Posted on Categories Discover Magazine
The Gemini program was sort of NASA’s overlooked middle child. It didn’t have the excitement of being the first time American astronauts flew in space like the Mercury did, and it didn’t have the glamour of going to the Moon like Apollo. Which means most people don’t know it happened. But the Gemini program was how NASA learned to fly in space, to perform rendezvous and docking maneuvers, change orbits, and test all the technologies it would need to complete the two-week long missions to the Moon. It was also the program that first gave astronauts a unique view of a solar eclipse from orbit.
Gemini 12 was the tenth and final manned mission of the Gemini program. It was commander Jim Lovell’s second spaceflight — he’d flown a two-week endurance test as the pilot of Gemini 7 — and pilot Buzz Aldrin’s first mission. The flight was also the sum of the program’s parts, and as such it was designed as a very busy mission. Gemini 12 would see the crew rendezvous and dock with the Agena target vehicle, perform three spacewalks, do a tethered stationkeeping exercise as well as a series of docked maneuvers with the Agena, use the Agena’s main propulsion system to reach a high elliptical orbit, and finally demonstrate an automatic reentry. There were also 14 scientific, medical, and technological experiments on board. The flight plan also included some photography, namely the crew was slated to photograph a solar eclipse from orbit.
But Gemini 12’s launch slipped from November 9 to 11, and while all the mission goals remained the eclipse photography was dropped from the flight plan. The new launch date meant the eclipse would overlap with the docked high altitude burn with the Agena’s main engine, which was more important. Training for the Moon was just a higher priority than seeing an eclipse.
Spaceflight, however, rarely goes perfectly according to plan. The Agena, launched separately from the Gemini 12 spacecraft, suffered a momentary six percent decay in thrust chamber pressure eight minutes into its flight, which also caused the turbine speed to drop. It made it into orbit safely, but NASA was wary of using the potentially troubled vehicle to boost the crew into a high orbit. So Lovell and Aldrin were clear for their rendezvous and dock with the Agena but not to fire its main engine. The high orbit goal was cancelled.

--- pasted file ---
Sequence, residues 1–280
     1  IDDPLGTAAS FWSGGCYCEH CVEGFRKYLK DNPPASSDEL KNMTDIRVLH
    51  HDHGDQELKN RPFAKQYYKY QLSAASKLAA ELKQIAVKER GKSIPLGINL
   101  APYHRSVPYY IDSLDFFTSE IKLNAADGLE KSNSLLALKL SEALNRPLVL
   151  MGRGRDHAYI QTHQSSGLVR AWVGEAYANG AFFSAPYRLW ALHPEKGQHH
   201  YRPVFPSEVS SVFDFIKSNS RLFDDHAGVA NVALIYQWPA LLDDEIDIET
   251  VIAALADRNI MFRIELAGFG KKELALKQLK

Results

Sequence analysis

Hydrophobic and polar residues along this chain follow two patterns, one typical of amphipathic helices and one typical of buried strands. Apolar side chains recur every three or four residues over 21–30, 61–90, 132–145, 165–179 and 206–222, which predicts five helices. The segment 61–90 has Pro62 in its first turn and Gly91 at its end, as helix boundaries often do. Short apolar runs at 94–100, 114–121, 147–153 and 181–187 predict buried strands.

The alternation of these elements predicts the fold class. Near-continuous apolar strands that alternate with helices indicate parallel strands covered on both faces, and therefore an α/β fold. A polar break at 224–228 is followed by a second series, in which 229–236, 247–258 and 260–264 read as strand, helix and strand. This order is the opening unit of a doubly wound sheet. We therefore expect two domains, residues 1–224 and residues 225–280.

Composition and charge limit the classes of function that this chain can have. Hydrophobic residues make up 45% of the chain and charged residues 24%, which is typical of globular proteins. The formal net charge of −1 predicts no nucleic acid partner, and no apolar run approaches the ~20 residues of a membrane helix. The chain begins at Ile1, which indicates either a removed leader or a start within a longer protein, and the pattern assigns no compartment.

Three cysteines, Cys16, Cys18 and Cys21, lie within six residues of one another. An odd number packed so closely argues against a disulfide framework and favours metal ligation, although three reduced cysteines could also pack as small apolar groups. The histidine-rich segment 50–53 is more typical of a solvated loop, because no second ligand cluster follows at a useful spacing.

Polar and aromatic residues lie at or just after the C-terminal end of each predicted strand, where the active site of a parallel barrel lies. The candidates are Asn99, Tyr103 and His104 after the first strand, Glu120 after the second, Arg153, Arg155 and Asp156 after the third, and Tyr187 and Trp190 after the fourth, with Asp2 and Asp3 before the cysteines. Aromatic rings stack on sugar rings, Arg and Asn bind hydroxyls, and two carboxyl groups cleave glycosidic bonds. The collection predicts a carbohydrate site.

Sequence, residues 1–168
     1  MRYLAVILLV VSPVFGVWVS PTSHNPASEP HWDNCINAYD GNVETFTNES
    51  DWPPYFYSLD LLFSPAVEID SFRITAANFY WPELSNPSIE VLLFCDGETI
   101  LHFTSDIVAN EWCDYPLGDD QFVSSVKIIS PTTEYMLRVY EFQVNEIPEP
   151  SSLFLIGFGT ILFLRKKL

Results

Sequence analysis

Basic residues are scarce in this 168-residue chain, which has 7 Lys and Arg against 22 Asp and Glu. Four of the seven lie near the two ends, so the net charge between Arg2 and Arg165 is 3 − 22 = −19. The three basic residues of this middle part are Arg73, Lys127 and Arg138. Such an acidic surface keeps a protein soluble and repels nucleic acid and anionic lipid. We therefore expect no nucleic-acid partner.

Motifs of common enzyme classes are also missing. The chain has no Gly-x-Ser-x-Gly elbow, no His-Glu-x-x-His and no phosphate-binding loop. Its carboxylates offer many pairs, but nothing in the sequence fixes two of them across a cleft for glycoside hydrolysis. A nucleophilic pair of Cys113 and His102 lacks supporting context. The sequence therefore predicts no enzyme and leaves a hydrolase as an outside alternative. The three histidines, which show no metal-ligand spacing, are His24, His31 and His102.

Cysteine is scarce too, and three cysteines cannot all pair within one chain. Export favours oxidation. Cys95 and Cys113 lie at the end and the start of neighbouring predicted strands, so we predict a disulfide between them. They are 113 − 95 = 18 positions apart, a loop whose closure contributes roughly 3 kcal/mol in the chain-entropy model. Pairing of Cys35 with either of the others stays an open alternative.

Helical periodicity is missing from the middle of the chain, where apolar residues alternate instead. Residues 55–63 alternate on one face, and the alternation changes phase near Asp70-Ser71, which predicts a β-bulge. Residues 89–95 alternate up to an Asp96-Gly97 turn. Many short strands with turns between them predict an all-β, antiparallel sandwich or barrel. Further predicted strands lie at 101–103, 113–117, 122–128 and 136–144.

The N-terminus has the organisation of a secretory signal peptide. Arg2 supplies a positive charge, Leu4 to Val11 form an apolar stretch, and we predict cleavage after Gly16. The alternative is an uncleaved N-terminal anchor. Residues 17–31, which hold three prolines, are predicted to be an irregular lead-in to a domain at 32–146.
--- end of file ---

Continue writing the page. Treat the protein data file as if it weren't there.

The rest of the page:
This loss of one objective opened the door for another: now there was some downtime in the flight plan at the same time as the eclipse, so flight directors figured out how to reinstate this lost objective. They still had the Agena’s secondary propulsion system (SPS), which had enough power to get the spacecraft into the right position for an eight-second photographic pass at just the right time.
When the word reached the crew, Lovell remarked, “The eclipse got to us after all.” “Yes, it looks like it,” Capcom Pete Conrad answered.
For the crew, it wasn’t the best addition. Seeing the eclipse meant two burns of the Agena’s SPS at the same time they were meant to be working with the Agena, eating, sleeping, and working on other experiments. Of course, eclipses don’t exactly wait, so they moved things around the accommodate the burns.
At 7:05 hours after launch, Jim Lovell fired the Agena’s smaller engines to slow his speed by 13 meters (42 feet) per second. And Mission Control was still a little nervous. Conrad told him, “If it [the Agena] gets away from you . . . take it over with the [spacecraft].” But the SPS performed splendidly, and the crew went to bed one burn down.
After the first sleep period, Lovell and Aldrin performed a second SPS burn, 15 hours 16 minutes into their mission. This burn put Gemini 12 into an orbit 160.3 by 136.6 nm (184.4 by 157.1 miles or 296.8 by 252.9 km) at a 28.88 degree inclination and a period of 90.08 minutes. This put the spacecraft perfectly in phase with the solar eclipse on revolution 10.
The burns worked beautifully. A little over 16 hours into the flight, the crew reported seeing the eclipse “right on the money at 16:01:44 g.e.t.” They became the first people to see and photograph a solar eclipse seen from space on November 12, 1966. According to post- flight calculations, the spacecraft passed within about three nautical miles (3.45 miles or 5.55 km) of the center of the 15-nautical-mile-radius (17.2 miles or 27.8 km) umbra core that cut through South America from north of Lima, Peru, to nearly the southernmost tip of Brazil.
And speaking of eclipses, the upcoming total solar eclipse on August 21 — I’ll be hosting a live broadcast of the event for Time! I’ll be holding down the fort All the info is in the video above!
Quick note: Yes, NASA’s vintage documents like flight plans, mission reports, and press kits use a mix of metres and nautical miles! Sources: Gemini 12 mission report; On the Shoulders of Titans by Hacker and Grimwood.